Southwold Pier

From Wikipedia, the free encyclopedia
Jump to navigation Jump to search

Southwold Pier
Southwold Pier3 KevinScottNL 2005.jpg
Southwold Pier
Official nameSouthwold Pier
TypePleasure Pier
SpansNorth Sea
DesignW Jeffrey
OwnerGough Hotels
Total length623 feet (190 m)
Opening date1900

Southwold Pier is a pier in the coastal town of Southwold in the English county of Suffolk. It is on the northern edge of the town and extends 190 metres (620 ft) into the North Sea.

Whilst many English seaside piers are in decline, Southwold Pier is enjoying renewed popularity.[1] It includes a collection of modern coin-operated novelty machines designed and constructed by the inventor Tim Hunkin.


The pier was built in 1900 as a landing stage for steamships that brought tourists from London[2] Clacton and Great Yarmouth until the 1930s.[3] It was 270 yards (250 m) in length and finished with a T-shaped end.

The ownership of the pier transferred from that of the Coast Development Company following its winding up in 1906, to The Amusement Equipment Company.[3]

The landing stage of the pier was destroyed during a storm in 1934, with the T-shaped end being swept away.[2] An addition to the pier of a concert hall and amusement arcade was made during 1937 at the shore end of the pier.[2]

During the Second World War the pier had a section removed due to the fear of its use during an invasion. Further damage occurred from an impact with a mine. The pier was rebuilt after the war at a cost of £30000.

Further damage caused by storms in October 1955[3] and February 1979[3] left the length of the pier at 20 yards (18 m).[2]

In 1960, a part of the pier pavilion was transformed into the Neptune Bar public house.[3]

Parts of the pier were further restored during 1987 where additional work was carried out to both the theatre and function room. After the reconstruction the pier then reopened in December 1988.[3]


The pier was bought by Chris Iredale in 1987 and he first spent five years turning the pavilion into a profit-making business.[4] A major refurbishment program was started in 1999 in order to rebuild the pier. This was completed to a design by Brian Haward ARIBA AABC Architect of The Rope House Southwold and constructed by Nick Haward [Southwold] Limited in 2001 almost 100 years after it was first opened.[2] In 2002 a new T-Shaped end was added,[2] bringing the pier to a total length of 208 yards (190 m). This additional length now allows the pier to accommodate visits by Britain's only surviving sea-going steam passenger ship, the PS Waverley paddle steamer and its running mate the MV Balmoral.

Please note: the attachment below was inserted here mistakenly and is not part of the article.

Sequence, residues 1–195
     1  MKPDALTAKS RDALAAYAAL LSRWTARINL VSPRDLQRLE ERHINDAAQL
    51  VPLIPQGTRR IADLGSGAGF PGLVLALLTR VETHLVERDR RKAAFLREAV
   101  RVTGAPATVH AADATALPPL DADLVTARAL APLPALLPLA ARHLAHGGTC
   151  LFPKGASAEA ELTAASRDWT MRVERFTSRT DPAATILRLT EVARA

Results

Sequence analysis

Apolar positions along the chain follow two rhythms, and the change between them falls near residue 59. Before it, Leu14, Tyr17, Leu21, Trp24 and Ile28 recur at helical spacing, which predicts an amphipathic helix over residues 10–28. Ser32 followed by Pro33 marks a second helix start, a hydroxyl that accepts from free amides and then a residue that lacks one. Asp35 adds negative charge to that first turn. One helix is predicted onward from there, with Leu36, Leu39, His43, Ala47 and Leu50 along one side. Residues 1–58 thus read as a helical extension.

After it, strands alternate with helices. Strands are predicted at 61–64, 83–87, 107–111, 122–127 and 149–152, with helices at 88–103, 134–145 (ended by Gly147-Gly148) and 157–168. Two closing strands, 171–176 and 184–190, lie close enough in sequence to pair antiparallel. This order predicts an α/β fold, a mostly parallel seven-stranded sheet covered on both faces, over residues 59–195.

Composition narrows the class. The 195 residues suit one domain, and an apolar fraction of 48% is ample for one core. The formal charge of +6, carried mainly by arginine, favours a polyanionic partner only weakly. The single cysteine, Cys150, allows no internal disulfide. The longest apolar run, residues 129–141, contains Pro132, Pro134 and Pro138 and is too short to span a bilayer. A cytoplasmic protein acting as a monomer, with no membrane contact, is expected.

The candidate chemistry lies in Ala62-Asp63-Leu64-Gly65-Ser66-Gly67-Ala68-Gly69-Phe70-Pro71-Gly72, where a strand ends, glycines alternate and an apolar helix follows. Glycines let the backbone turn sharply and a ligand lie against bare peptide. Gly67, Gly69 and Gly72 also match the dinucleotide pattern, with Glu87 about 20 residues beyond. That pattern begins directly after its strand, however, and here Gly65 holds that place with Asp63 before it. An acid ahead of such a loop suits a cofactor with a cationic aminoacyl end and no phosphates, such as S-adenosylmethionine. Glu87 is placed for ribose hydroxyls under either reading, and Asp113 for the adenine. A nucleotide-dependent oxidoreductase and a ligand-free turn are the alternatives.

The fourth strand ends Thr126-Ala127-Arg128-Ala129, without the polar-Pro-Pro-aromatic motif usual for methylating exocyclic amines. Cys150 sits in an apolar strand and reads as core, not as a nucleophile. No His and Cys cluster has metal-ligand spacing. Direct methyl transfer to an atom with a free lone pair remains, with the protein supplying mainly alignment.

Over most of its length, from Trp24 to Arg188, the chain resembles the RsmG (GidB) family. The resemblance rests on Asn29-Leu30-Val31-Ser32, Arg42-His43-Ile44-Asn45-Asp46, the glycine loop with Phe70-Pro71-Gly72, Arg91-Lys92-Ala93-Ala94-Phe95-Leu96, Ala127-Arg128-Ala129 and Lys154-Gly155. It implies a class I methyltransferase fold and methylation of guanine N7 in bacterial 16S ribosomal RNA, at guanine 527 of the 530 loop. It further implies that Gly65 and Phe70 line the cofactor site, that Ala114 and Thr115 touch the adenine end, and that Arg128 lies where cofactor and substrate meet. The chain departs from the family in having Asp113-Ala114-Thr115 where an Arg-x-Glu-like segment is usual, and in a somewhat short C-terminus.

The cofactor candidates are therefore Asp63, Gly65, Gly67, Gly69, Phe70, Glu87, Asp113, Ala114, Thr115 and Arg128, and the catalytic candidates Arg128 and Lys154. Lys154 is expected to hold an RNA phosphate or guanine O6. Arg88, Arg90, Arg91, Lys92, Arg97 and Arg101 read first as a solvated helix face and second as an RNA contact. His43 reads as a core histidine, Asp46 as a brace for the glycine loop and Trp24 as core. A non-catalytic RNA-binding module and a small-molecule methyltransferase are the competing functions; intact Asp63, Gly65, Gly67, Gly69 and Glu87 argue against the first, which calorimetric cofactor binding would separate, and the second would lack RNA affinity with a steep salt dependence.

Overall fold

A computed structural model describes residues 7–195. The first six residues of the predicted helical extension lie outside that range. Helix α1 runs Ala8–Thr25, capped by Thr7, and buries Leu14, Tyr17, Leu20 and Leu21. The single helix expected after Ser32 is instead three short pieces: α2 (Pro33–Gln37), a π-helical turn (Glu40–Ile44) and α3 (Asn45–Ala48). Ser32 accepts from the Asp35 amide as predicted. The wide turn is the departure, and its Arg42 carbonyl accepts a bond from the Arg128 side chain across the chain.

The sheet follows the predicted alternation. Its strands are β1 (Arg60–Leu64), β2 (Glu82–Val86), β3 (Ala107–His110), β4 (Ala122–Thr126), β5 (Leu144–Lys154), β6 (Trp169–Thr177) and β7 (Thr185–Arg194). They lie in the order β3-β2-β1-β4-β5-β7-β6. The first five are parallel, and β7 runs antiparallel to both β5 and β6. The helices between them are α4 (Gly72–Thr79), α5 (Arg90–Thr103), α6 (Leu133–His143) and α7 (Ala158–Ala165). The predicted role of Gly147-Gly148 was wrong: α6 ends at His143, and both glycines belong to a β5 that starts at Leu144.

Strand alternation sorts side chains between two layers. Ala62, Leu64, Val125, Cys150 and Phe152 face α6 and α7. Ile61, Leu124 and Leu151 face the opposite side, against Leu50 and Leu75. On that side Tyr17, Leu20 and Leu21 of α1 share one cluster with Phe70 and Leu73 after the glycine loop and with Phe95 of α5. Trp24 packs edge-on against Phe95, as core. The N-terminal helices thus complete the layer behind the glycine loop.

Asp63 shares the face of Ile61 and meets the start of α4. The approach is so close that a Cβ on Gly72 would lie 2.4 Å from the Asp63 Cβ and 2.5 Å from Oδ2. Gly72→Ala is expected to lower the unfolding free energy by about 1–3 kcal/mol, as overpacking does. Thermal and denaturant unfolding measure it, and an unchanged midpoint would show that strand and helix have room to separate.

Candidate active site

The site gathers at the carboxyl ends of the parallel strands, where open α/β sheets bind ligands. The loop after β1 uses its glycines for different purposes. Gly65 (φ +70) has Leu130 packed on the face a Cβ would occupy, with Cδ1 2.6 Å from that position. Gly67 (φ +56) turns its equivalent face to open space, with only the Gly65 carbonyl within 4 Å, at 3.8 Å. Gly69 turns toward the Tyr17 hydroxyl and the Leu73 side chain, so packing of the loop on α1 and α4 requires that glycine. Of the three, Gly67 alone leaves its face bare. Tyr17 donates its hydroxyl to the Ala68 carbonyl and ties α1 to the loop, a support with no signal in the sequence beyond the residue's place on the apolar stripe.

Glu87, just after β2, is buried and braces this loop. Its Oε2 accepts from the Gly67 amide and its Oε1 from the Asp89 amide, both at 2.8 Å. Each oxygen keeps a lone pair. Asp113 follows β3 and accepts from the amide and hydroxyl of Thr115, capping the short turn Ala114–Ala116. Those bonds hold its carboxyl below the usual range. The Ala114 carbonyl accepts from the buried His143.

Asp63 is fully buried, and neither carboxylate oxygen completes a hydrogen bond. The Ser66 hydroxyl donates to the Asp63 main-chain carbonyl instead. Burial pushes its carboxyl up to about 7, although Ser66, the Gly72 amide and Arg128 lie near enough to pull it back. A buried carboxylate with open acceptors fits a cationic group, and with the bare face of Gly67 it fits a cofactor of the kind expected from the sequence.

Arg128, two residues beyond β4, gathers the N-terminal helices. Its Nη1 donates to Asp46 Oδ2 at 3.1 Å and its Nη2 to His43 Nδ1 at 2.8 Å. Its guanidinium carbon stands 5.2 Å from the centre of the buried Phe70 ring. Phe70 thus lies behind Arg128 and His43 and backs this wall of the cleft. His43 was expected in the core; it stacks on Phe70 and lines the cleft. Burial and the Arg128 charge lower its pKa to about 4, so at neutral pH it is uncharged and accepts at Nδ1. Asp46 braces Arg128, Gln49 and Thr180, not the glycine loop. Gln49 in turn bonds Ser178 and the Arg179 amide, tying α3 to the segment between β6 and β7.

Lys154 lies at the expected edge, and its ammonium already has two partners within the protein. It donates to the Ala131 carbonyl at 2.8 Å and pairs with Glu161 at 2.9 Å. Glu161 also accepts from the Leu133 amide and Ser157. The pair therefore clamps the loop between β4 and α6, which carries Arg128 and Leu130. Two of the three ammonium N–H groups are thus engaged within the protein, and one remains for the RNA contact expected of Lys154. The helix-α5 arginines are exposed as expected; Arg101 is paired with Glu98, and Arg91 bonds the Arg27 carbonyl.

The pier is home to several shops and attractions including traditional souvenir shops,[5] cafés, restaurants [6] and amusement arcades.[7]

The Under The Pier Show[edit]

Since 2001 the pier has hosted an arcade with a range of automata, machines and games designed by Tim Hunkin.[8] Tim originally approached the owner of the pier after his original location for one of his arcade games drew local complaints[9]




  1. ^ "A Million people can't be wrong". ITV News. Retrieved 31 January 2016.
  2. ^ a b c d e f "Ten facts about Southwold Pier". Retrieved 31 January 2016.
  3. ^ a b c d e f "National Piers Society". National Piers Society. Retrieved 31 January 2016.
  4. ^ "Gamble on a near-ruin pays off after 15 years", The Independent, Saturday, 11 January 2003. Retrieved 2010-10-10.
  5. ^ "Treasure Chest". Southwold Pier. Retrieved 31 January 2016.
  6. ^ "Restaurants and Dining on Southwold Pier". Southwold Pier. Retrieved 13 February 2016.
  7. ^ "House Of Games". Southwold Pier. Retrieved 31 January 2016.
  8. ^ "Under The Pier Show". Southwold Pier. Retrieved 31 January 2016.
  9. ^ "The Under The Pier Show". Under the pier. Retrieved 31 January 2016.

External links[edit]

Coordinates: 52°19′44″N 1°41′06″E / 52.329°N 1.685°E / 52.329; 1.685